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Man Accused of Bias Attack at West Village Gay Bar Julius

By DNAinfo Staff on October 18, 2010 12:41pm  | Updated on October 19, 2010 6:27am

Police arrested a man who allegedly attacked patrons and staff inside gay bars in the West Village.
Police arrested a man who allegedly attacked patrons and staff inside gay bars in the West Village.
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DNAinfo/Ben Fractenberg

By Shayna Jacobs, Tara Kyle and Yepoka Yeebo

DNAinfo Staff

MANHATTAN — Police arrested a man on charges he allegedly punched a bartender inside New York's oldest gay bar and hurled racist and homophobic slurs at him, police and prosecutors said.

Frederick Giunta, 45, of Queens, was arrested Friday on charges of assault as a hate crime, after the alleged attack inside Julius Bar last Monday afternoon, according to the Manhattan District Attorney’s Office.

"What are you going to do, you f---ing n----r, you are a f---ing f----t," Giunta yelled before punching the 38-year-old man inside 159 W. 10th Street around 5:40 p.m. Oct. 11, according to the criminal complaint.

The bartender, who was not identified, was trying to escort an apparently drunk and belligerent Giunta from the bar when he was hit, according to fellow bartender Alex Michaels, who was not present for the attack.

"He became volatile and was using words of hate," Michaels said.

Julius Bar cook Melvin Hill, 51, had a view of the incident from the kitchen, where he has worked for six years.

"I was shocked to seen grown-up men doing this," Hill said. "This is the first time I've seen something like this."

Giunta apparently had been banned from the Julius Bar a decade earlier, but staff didn't recognize him as the same man, Michaels said. The Manhattan District Attorney's Hate Crimes Unit is investigating the incident, officials said.

Giunta's alleged crime spree started around 5:30 p.m. in front of Ty’s Bar at 114 Christopher St., where a "highly intoxicated" Giunta tried to steal a Brooklyn man's wallet before punching him, police said.

The unidentified victim was treated for a laceration that required stitches at Beth Israel Hospital, police said. Staffers at the bar declined comment.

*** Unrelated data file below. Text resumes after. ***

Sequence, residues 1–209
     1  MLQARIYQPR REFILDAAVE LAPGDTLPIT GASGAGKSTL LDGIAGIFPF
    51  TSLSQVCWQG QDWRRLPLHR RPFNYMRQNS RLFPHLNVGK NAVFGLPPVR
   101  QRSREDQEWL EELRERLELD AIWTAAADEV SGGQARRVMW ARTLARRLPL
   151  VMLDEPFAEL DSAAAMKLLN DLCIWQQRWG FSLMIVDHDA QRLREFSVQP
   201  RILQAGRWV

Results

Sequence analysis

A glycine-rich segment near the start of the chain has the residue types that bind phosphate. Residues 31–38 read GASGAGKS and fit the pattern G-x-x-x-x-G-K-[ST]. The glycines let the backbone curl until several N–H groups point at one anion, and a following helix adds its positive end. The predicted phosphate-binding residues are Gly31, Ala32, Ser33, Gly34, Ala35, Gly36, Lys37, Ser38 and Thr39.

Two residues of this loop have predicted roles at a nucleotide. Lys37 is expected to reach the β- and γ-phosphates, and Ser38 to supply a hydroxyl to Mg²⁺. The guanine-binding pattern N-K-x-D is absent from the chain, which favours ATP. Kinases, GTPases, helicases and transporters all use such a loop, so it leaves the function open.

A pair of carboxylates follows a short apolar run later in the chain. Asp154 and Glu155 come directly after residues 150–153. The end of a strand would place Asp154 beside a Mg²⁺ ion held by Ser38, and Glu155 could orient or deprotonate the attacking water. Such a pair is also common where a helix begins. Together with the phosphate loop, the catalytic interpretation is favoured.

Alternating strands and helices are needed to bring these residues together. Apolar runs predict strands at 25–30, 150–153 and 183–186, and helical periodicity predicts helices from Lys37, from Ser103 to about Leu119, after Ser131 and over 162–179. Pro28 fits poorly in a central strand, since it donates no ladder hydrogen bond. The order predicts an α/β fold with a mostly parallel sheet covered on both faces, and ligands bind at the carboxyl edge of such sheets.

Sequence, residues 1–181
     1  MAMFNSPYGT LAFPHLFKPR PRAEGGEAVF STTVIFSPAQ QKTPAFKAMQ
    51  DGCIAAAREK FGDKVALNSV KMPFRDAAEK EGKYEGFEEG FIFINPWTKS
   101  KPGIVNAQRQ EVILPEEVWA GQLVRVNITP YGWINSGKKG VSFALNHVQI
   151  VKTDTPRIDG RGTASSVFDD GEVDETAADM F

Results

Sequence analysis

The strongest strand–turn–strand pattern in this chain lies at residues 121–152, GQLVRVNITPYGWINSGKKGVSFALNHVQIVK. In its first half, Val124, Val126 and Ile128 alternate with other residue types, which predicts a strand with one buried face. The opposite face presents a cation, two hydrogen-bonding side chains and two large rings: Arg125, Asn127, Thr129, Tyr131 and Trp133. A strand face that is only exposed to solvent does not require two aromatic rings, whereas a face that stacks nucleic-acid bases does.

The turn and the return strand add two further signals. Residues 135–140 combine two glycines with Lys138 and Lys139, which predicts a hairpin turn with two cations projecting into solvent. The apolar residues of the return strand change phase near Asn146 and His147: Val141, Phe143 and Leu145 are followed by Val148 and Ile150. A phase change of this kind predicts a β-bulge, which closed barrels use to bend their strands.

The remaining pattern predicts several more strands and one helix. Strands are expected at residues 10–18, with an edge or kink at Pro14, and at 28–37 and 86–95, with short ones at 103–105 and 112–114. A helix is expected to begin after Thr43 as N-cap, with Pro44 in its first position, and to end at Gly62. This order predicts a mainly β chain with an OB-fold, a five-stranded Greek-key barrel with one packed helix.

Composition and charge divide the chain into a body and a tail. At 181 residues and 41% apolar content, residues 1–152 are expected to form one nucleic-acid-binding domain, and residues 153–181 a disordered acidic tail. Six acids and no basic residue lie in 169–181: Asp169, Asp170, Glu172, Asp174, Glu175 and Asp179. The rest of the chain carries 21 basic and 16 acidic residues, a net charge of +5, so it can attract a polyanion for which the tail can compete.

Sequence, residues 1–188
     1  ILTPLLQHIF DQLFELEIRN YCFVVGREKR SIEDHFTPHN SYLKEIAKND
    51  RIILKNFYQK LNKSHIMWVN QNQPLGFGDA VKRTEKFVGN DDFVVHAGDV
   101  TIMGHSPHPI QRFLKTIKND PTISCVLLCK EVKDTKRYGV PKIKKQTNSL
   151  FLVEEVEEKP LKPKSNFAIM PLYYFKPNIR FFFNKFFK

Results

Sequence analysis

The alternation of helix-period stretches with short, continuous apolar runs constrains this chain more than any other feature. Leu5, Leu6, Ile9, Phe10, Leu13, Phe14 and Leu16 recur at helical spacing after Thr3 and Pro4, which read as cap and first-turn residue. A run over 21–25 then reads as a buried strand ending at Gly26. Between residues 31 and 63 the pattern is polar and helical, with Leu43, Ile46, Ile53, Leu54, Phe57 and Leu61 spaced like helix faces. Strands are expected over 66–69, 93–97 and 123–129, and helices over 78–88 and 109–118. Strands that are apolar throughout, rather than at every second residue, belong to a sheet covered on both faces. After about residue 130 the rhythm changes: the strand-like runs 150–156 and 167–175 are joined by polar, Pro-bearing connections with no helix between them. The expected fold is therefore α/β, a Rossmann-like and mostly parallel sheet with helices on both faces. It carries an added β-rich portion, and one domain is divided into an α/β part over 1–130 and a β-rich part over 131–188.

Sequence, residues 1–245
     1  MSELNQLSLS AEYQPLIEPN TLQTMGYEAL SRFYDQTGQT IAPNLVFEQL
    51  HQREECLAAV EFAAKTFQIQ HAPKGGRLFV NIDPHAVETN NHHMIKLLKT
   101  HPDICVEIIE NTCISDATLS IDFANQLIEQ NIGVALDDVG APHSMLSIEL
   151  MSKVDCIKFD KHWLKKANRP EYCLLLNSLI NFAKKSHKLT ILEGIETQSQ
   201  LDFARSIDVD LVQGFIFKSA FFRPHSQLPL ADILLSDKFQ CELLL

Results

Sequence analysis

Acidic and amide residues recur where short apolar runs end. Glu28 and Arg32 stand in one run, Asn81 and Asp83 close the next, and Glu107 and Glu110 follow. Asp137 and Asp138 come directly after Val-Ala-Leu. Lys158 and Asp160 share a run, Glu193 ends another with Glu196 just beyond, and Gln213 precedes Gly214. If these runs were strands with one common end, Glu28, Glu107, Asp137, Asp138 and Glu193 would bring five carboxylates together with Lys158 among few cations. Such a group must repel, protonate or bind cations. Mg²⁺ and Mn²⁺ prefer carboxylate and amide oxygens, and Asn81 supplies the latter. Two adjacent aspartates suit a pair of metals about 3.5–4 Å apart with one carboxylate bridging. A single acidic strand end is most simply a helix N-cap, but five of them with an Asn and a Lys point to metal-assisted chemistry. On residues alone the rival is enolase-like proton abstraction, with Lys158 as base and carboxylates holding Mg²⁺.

Giunta was charged with attempted robbery in that incident, but not assault. That incident has not been classified as a hate crime at this time, prosecutors said.

Monday's attacks follow other recent high-profile incidents at gay bars in the area, including one at the Stonewall Inn, a gay rights landmark.

Police there arrested two Staten Island men on charges they beat a patron inside the bar's bathroom on Oct. 3. That incident followed another attack at the corner of Ninth Avenue and West 25th Street in Chelsea, when Andrew Jackson, 20, allegedly punched three men after seeing them hug each other goodbye.

At a press conference Monday afternoon, State Sen. Tom Duane connected the incidents to gubernatorial candidate Carl Paladino's recent anti-gay remarks. Paladino recently said that children shouldn't be "brainwashed" into thinking homosexuality is OK.

"If 1 percent fo the attacks are a result of what Carl Paladino has said, it is on him," Duane said.

City Council Speaker Christine Quinn announced plans to meet Tuesday with bar owners, community advocates and the NYPD.

"It was hard to believe that this happened at the Stonewall Inn and then again," Quinn said at a press conference Monday afternoon at Julius. "It was so purposeful. It was like the perpetrator went out hunting to find gay people."

Local bars are now on high alert, Michaels said.

"We're just trying to keep awareness in the community from bar to bar," he said. "We haven't seen a real decline in morale."

Julius Bar owner Helen Buford released a statement Monday afternoon saying that her staff was taking extra precautions to ensure that the bar "will continue to be a safe, fun place."

Sharon Stapel, executive director of the New York City Anti-Violence Project, said in an e-mail that this latest incident highlights the need to combat homophobic attitudes.

"It is unacceptable that perpetrators of anti-LGBTQ violence feel emboldened to come into any neighborhood, including gay-friendly neighborhoods, and attack LGBTQ people because of who we are," she said.

Giunta is being held on $25,000 bail on Rikers Island, and is due back in court on Oct. 21, authorities said.

Authorities said Giunta has a history of theft, including stealing someone's credit card and racking up $46 in charges in Queens earlier this year, and two incidents in Midtown in the past decade, sources said.

He is currently reporting to a parole officer in Queens following release on Sept. 28 from a 90-day term at Willard Drug Treatment Center in Seneca County, according to the Department of Correction.

He also had a criminal history in Pennsylvania dating back to 1986, sources said.